Print PDF
NCUA Approves 72-Hour Breach Notification Rule

The National Credit Union Administration (NCUA) approved a final rule that will require any Federally-Insured Credit Union (FICU)—including federally chartered corporate credit unions and federally insured state-chartered corporate credit unions—to report certain cyber incidents to the NCUA as soon as possible, and no later than 72 hours, after it “reasonably believes” it has experienced a reportable incident. The rule, which adds a new subsection (c) to 12 CFR Part 748.1, goes into effect September 1, 2023.

In issuing its new rule, the NCUA attempted to closely follow the terminology and reporting framework set forth in the Cyber Incident Reporting for Critical Infrastructure Act of 2022 (CIRCIA), which will likely go into effect in 2025. For example, the new NCUA rule includes definitions of “cyber incident” and “reportable cyber incident” that are similar to the definitions set forth in CIRCIA. The NCUA rule is not identical to CIRCIA, though, and FICUs should not necessarily rely on compliance with one to ensure compliance with the other.

The new NCUA rule also shares some similarities with the cyber-incident notification rule for banks that took effect in April 2022, but it contains a number of differences, as well, including three distinctions of particular note. First, the NCUA rule requires a report within 72 hours, while the banking rule requires a report within 36 hours. Second, the NCUA rule starts the clock when a FICU “reasonably believes” an incident has occurred, while the banking rule starts its clock once a banking organization “determines” that an incident has occurred. Third, the NCUA rule requires a report of any “substantial” incident or compromise, while the banking rule only requires reporting in the event of “actual harm.”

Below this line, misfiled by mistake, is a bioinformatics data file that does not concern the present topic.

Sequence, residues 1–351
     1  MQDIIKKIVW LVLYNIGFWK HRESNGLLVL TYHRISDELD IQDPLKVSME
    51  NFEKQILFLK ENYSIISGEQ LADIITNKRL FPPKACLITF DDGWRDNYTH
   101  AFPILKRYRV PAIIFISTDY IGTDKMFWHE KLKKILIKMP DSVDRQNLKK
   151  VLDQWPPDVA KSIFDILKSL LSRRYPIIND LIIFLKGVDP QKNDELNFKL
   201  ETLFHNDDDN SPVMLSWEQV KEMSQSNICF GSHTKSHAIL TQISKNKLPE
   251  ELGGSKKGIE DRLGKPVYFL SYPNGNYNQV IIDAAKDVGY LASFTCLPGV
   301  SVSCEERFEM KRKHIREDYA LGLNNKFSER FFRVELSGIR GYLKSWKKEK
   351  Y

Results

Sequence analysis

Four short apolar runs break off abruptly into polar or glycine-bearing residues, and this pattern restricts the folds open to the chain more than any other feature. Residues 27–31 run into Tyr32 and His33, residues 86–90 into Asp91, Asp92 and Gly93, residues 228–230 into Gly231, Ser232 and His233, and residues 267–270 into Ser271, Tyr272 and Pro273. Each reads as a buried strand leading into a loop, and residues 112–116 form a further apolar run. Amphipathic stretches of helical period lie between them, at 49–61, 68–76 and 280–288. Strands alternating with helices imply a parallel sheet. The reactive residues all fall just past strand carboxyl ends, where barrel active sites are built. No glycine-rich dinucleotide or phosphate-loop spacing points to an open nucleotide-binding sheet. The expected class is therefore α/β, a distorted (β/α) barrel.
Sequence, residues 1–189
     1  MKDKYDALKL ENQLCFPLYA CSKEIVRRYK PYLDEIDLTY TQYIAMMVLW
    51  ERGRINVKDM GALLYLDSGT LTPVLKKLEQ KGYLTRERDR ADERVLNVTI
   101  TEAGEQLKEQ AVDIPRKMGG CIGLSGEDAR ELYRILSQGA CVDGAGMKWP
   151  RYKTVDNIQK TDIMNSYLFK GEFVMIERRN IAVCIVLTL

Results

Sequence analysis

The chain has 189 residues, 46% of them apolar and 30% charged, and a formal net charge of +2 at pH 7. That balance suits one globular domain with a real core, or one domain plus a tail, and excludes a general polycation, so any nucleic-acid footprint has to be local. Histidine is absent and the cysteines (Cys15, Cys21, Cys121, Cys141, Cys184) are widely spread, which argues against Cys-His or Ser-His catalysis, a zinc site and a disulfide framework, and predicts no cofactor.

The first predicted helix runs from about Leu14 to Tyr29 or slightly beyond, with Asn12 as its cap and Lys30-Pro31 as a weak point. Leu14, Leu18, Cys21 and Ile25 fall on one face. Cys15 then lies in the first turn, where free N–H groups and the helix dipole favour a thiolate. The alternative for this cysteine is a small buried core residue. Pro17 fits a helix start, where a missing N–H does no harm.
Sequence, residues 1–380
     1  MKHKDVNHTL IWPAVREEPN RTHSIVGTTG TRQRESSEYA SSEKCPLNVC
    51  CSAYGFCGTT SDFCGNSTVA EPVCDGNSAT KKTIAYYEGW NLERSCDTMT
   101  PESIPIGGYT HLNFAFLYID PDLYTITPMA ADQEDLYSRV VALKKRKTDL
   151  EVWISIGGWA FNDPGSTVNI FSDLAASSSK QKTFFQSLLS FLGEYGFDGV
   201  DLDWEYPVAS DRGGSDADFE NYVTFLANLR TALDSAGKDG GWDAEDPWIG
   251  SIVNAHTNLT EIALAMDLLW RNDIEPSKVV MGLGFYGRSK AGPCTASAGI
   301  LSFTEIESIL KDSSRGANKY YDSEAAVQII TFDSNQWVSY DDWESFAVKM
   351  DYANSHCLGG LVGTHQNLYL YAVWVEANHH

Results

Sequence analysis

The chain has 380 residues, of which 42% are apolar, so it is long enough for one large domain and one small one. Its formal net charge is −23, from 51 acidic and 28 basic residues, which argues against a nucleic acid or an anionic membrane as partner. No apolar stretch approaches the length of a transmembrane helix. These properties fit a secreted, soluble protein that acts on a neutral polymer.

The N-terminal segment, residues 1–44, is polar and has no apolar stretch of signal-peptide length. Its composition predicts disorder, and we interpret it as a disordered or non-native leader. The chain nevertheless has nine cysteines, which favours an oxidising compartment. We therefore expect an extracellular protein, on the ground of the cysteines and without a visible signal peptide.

Finally, the NCUA expressly stated that its new rule does not impact existing contractual relationships and does not require a FICU to amend its existing contracts with third parties to comply with the rule. Nonetheless, FICUs may want to examine their contractual reporting obligations to identify any inconsistencies between those obligations and the obligations imposed by the new NCUA rule.

Please contact Patrick Emerson McCormick, CIPP/US or another member of Lewis Roca’s Data Protection and Cybersecurity team for more information about the NCUA rules and other federal privacy and cybersecurity laws that may affect your organization.

Tags: Data Privacy and Cybersecurity
  • John C. Gray, CIPP/US
    Of Counsel

    John Gray is Of Counsel in Lewis Roca’s Litigation Practice Group and leads the firm’s Data Privacy and Cybersecurity Group.  He is also a member of the firm’s AI Task Force.

    As a litigator, John has more than a decade of experience in Arizona, California, and other forums across the ...

  • Patrick Emerson McCormick, CIPP/US

    Patrick is an associate in the firm's Litigation Practice Group. Patrick is a Certified Information Privacy Professional (CIPP/US) and assists clients on how to best protect themselves from data breaches, and how to respond if one occurs. His litigation practice focuses on corporate ...

About This Blog

Lewis Roca is immersed in your industry and invested in your success. We share insights and trends that can affect your business.





Recent Posts

Jump to Page

How Can We
Help You?

By using this site, you agree to our updated Privacy Policy and our Terms of Use.